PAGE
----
For more information on these educators, and other participants in the 2012 Summer Teacher Institute, please visit the Institutes website.

To register for this year’s teacher workshop please click here







Upcoming Events

Congreso internacional de literatura y cultura centroamericanas (CILCA XXIII)

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Tulane University, Loyola University New Orleans, y Purdue University Calumet tienen el gusto de invitar al CONGRESO DE LITERATURA y CULTURA CENTROAMERICANAS (CILCA XXIII) que se llevará a cabo en la ciudad de New Orleans, Louisiana, del 11 al 13 de marzo del 2015 en el campus de Tulane University y Loyola University New Orleans.

Desde el primer congreso realizado en Nicaragua 1993, CILCA se ha caracterizado por ser un espacio de intercambio intelectual y de amistad para académicas/os, escritoras/es y lectoras/es. El congreso se ha efectuado en todos los países centroamericanos y por primera vez en su historia, CILCA se realizará en los Estados Unidos. La ciudad escogida es Nueva Orleáns, puerta de entrada hacia el Caribe y los países de América Central. El intercambio cultural entre Nueva Orleáns y América Central ha sido intenso por muchísimos años, y la ciudad alberga una de las comunidades de origen hondureño más grandes de los Estados Unidos. Tulane University tiene estrechos lazos con la región a través del Stone Center for Latin American Studies, the Latin American Library, y the Middle American Research Institute. Loyola University New Orleans se ha distinguido por el trabajo con las comunidades hispanas que realizan varias de sus unidades académicas, incluyendo the Law School y el Center for Latin American and Caribbean Studies.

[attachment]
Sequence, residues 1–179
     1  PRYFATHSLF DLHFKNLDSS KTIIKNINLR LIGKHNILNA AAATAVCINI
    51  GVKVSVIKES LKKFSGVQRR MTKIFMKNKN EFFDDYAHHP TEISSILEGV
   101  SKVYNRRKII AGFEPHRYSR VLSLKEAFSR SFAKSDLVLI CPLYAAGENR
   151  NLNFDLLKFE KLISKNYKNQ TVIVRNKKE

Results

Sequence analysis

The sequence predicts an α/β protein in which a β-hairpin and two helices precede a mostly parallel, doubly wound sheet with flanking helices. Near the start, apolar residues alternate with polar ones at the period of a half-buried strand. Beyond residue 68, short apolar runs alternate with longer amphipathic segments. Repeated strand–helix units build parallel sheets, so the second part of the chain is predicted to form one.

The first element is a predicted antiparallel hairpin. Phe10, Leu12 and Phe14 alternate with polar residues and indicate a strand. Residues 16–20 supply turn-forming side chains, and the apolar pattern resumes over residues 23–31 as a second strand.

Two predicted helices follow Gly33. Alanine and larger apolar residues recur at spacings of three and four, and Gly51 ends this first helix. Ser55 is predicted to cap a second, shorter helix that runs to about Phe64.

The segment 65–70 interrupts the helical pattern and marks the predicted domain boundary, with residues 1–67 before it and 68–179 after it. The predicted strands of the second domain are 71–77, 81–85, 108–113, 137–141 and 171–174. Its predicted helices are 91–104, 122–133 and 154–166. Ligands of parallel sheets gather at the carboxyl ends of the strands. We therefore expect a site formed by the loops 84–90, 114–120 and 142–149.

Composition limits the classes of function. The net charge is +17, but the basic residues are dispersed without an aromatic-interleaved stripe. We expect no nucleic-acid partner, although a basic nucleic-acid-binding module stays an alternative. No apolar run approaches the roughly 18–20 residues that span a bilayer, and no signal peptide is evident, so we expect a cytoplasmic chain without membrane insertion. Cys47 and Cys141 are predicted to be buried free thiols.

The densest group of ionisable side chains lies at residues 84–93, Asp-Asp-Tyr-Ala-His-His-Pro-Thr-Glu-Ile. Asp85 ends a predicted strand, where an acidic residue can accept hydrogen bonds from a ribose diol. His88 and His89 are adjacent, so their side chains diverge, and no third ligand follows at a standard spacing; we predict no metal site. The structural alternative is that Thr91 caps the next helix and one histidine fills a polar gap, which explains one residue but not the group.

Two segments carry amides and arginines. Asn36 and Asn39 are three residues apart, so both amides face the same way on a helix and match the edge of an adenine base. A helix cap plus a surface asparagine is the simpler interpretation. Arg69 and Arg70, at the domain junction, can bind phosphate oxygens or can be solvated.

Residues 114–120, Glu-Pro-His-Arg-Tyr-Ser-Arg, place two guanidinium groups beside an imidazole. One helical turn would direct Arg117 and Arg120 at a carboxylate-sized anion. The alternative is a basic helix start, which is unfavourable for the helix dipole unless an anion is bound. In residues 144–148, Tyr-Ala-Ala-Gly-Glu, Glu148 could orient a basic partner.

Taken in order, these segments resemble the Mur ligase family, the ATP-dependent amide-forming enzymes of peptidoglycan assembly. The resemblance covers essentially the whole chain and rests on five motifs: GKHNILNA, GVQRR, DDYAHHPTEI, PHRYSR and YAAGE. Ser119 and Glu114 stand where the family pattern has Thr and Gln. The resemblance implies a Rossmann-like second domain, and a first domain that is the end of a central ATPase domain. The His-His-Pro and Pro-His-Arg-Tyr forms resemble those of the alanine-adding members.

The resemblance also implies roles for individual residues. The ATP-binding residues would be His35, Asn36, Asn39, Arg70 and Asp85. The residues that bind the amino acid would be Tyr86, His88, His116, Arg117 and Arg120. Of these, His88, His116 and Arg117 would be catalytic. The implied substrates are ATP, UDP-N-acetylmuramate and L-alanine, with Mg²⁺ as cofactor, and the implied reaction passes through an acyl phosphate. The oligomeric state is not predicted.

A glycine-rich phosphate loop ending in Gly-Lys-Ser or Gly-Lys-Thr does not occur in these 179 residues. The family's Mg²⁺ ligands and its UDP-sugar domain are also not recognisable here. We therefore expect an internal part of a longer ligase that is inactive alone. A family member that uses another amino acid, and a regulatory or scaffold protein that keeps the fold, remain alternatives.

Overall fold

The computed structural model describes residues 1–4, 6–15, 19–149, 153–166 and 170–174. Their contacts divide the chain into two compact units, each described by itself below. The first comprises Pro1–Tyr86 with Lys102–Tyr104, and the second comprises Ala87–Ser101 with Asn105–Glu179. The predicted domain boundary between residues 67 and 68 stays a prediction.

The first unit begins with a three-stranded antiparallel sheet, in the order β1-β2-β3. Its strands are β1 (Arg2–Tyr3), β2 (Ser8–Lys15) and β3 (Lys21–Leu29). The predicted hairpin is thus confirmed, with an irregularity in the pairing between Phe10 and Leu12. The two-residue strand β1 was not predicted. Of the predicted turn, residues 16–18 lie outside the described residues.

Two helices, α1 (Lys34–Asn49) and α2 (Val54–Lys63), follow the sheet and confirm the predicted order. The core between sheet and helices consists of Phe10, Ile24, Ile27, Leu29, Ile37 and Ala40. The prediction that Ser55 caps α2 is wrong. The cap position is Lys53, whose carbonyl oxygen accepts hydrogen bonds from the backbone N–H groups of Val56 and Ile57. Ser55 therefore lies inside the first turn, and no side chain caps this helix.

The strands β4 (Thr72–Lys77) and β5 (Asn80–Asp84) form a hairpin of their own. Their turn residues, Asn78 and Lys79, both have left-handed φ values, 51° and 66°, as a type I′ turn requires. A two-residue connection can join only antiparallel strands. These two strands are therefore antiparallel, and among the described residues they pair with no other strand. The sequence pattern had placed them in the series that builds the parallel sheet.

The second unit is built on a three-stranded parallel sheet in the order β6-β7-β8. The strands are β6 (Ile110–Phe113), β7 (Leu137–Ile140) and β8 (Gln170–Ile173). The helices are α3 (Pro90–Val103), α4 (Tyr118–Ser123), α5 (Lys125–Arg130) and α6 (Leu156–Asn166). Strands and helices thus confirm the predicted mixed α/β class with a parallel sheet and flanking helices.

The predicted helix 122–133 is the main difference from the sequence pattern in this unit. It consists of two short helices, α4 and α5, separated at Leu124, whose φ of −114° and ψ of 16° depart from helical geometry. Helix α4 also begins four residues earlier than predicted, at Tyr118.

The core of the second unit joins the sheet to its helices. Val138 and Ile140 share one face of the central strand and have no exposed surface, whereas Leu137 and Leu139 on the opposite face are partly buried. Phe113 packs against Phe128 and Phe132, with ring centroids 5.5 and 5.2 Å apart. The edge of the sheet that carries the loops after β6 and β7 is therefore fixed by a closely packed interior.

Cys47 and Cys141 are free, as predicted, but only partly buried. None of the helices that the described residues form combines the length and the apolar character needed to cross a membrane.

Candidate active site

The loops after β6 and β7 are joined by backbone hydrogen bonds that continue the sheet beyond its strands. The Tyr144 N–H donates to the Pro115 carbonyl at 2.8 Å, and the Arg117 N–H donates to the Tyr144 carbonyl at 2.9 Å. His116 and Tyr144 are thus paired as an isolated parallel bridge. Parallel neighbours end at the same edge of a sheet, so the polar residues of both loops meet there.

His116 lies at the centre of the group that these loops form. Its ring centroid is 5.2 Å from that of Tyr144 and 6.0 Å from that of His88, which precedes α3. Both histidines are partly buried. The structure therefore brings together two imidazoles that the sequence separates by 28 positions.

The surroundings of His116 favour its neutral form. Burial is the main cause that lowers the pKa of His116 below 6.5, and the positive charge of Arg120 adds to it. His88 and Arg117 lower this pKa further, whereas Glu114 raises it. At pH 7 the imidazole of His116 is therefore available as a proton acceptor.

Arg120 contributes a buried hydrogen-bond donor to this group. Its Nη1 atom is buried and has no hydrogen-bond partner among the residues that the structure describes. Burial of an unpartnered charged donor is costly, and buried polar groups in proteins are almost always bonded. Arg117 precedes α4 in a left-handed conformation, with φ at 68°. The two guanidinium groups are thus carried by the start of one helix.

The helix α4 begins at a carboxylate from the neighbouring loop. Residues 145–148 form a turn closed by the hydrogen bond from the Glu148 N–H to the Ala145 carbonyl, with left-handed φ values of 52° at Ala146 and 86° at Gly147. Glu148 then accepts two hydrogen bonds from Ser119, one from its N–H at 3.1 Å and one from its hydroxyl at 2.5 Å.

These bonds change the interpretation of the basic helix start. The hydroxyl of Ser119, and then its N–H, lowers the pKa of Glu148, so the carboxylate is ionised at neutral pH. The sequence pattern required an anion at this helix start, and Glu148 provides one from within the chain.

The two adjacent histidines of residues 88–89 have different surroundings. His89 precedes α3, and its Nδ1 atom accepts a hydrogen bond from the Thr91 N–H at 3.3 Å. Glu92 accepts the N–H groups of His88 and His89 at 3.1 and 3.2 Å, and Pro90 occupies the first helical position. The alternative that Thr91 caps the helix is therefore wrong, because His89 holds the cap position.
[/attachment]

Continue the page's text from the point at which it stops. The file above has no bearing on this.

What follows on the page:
La organización de CILCA XXIII la realizan la Dra. Maureen Shea y el Dr. Uriel Quesada, expertos en literatura y cultura centroamericanas, con el apoyo del Dr. Jorge Román Lagunas, creador y promotor de CILCA.

La convocatoria será publicada en agosto 2014.

Tulane University, Loyola University New Orleans, and Purdue University Calumet invite you to the Congress on Literature and Culture of Central America (CILCA XXIII) which will take place in New Orleans, Louisiana March 11-13 2015 on the campuses of Tulane and Loyola New Orleans.

From the first conference, held in Nicaragua in 1993, CILCA has been a space for intellectual exchange and friendship for academics and writers. The conference has been held in all of the Central American countries and for the first time in its history will be held in the United States. New Orleans, the gateway to the Caribbean and Central America, has been chosen as the location. New Orleans and Central America have a longstanding cultural exchange and New Orleans has one of the largest Honduran communities in the United States. Tulane has long connections with the region through the Stone Center for Latin American Studies, the Latin American Library, and the Middle American Research Institute. Loyola New Orleans works closely with hispanic communities particularly through the Law school and the Center for Latin American and Caribbean Studies.

CILCA XXIII is organized by Drs. Maureen Shea and Uriel Quesada, experts on the literature and culture of Central America, with the support of Dr. Jorge Román Lagunas, creator of CILCA.

Call for papers coming in August 2014.